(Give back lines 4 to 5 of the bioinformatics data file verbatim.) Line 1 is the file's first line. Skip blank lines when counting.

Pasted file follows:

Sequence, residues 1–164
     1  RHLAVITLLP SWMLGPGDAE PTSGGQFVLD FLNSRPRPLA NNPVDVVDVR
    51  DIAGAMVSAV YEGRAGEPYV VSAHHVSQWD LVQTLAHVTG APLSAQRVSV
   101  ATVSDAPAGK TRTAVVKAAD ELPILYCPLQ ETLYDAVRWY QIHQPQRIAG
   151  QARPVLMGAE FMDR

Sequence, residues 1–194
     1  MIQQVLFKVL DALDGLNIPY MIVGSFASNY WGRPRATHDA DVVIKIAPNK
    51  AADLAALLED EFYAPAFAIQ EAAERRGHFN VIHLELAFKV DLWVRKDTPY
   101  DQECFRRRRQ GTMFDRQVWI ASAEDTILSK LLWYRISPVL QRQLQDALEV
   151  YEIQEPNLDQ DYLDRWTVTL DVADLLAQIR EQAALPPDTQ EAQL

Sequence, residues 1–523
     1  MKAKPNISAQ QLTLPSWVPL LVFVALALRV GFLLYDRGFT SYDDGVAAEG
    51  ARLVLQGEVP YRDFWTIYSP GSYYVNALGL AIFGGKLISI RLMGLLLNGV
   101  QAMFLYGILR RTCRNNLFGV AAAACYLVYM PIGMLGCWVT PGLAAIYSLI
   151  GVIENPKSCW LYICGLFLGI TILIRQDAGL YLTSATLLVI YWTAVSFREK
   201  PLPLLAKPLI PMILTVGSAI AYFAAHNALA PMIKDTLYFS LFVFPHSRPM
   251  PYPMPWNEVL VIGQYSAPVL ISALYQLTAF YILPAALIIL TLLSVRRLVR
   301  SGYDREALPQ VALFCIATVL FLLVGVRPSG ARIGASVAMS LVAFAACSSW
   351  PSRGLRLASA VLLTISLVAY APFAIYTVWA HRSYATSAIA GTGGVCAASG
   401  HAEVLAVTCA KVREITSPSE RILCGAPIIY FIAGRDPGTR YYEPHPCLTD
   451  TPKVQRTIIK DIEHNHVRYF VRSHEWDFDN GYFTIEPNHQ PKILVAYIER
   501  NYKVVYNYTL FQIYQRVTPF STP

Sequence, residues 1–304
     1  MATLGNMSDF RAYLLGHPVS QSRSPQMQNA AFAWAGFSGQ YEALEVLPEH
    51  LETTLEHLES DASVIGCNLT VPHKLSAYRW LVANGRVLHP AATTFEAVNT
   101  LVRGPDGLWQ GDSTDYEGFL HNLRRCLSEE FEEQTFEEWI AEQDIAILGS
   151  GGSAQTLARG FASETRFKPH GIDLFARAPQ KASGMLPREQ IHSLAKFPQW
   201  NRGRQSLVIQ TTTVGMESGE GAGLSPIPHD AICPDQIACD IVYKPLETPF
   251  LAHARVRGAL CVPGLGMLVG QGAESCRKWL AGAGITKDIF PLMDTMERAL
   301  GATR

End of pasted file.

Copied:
   101  ATVSDAPAGK TRTAVVKAAD ELPILYCPLQ ETLYDAVRWY QIHQPQRIAG
   151  QARPVLMGAE FMDR